The Bellevue City Council and administration received pushback Tuesday night during a lengthy public hearing on proposals to address misconduct of elected officials.

Much of the testimony opposing the measure, including two former Bellevue City Council members and the current Bellevue Public Schools Board of Education president, was in response to the potential removal of office of an elected official if the misconduct is severe enough to warrant such action. Each said the function of removing an elected official is the role of the voters, not other council members.

Testifiers also took umbrage with other features of the proposals such as council members potentially serving as both accusers and jurors, a lack of separation of governance duties between executive and legislative branches, the role of the city administrator in the discipline process, the vagueness of the definition of misconduct and the mayor’s authority to appoint the replacement should a council member be removed from office.

The proposals would add a range of sanctions for misconduct from written reprimands to the removal from office, which would require a unanimous vote of the other five council members. Any sanctions would be levied after a trial-like hearing.

Leaking information from an executive session would be added to the definition of misconduct, and the rules would also require individuals who aren’t city employees or elected officials to sign confidentiality agreements in order to participate in them.

The rules would also allow the city to bar from public testimony any member of the public who acts inappropriately.

A third former Bellevue council member, Tom Richards, said he supported the measures.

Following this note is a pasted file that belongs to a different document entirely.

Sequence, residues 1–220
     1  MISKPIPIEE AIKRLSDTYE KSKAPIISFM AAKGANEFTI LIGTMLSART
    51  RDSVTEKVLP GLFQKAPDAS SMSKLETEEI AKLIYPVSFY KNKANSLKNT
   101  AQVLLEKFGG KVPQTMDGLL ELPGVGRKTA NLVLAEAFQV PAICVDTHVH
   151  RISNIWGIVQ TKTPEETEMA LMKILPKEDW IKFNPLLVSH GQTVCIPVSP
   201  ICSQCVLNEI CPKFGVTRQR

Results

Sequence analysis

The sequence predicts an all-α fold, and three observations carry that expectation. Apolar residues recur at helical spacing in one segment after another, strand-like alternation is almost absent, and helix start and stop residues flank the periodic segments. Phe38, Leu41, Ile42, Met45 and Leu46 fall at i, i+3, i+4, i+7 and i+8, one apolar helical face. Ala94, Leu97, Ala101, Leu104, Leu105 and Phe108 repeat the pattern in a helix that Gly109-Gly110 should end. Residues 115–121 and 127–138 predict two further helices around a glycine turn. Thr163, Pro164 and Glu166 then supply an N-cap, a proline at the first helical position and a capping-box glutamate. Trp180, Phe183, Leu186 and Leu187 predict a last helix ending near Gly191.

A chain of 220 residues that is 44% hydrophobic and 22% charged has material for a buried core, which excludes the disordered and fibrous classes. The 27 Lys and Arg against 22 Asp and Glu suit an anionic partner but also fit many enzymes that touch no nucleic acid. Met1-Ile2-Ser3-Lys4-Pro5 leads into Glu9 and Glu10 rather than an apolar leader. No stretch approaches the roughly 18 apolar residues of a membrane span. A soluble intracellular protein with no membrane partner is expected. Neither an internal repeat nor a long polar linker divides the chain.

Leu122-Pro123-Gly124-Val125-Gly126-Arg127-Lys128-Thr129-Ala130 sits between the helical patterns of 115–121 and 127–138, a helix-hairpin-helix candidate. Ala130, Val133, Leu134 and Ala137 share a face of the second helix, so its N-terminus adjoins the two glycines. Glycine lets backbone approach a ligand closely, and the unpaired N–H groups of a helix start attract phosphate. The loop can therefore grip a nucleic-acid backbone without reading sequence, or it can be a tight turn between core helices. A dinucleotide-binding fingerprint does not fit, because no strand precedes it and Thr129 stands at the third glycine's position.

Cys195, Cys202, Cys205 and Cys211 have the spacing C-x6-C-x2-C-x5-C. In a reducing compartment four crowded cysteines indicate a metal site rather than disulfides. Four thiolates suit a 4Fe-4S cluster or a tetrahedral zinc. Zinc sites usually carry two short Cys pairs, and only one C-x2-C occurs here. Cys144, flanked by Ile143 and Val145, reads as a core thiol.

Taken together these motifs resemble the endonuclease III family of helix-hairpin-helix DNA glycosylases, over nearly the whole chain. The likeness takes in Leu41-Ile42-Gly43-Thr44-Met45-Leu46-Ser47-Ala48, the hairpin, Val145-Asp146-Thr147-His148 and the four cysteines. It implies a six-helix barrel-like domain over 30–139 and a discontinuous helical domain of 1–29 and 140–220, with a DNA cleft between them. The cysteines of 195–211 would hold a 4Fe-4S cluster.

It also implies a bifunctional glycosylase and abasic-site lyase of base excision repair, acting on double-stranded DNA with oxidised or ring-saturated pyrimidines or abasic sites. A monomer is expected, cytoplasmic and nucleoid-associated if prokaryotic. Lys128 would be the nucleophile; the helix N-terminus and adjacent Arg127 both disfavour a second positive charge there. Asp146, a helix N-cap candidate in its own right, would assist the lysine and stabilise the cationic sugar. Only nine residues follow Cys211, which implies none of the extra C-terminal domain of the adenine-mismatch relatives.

City Attorney Bree Robbins opened the public hearing saying the city and the council have the authority under state law and court precedent to implement the proposals, which are based on similar rules in Fremont and Grand Island.

She also said concerns about officials’ ability to whistle blow on improper discussions in executive session are covered by other state statute and all votes would happen in open session, which would afford council members the opportunity to air any concerns.

Robbins and some elected officials said they are receptive and appreciative of feedback about ways to improve or clarify the ordinances and to make the process more transparent.

“There was a lot of good information from the discussion so I think we’ll go back, talk to the attorneys, talk to council members, see if we have some kind of modification to it,” Mayor Rusty Hike said.

The council voted to postpone a vote on the ordinances so another public hearing could be conducted at the Nov. 19 meeting after wording is changed in the proposed ordinances. A vote would be at the Dec. 3 meeting.

The council also endured a lengthy public hearing regarding a potential Omaha Public Schools elementary school near Fort Crook Road and Childs Road.

Safety concerns of students crossing Fort Crook Road and train tracks again were the focus of much of the testimony.

Councilman Paul Cook and two others said students who live on the east side of Fort Crook would try to cross the street and tracks to the school, which is on the west side, and the city was setting its self up for “catastrophe.”

OPS went before the Bellevue Planning Commission three times in attempts to address the safety concerns. OPS plans to bus all students on the east side of Fort Crook Road to the school and route buses and sidewalks to the west to avoid stacking near the train tracks.

Cheryl Logan, the OPS superintendent, and other OPS officials stressed safety is their primary concern and their desire to “be a good neighbor” and partner with the city. Schools spur development, they said.

Hike said Fort Crook Road, not the location of the school, is the issue, calling it Fort Crook Road a “dinosaur.”

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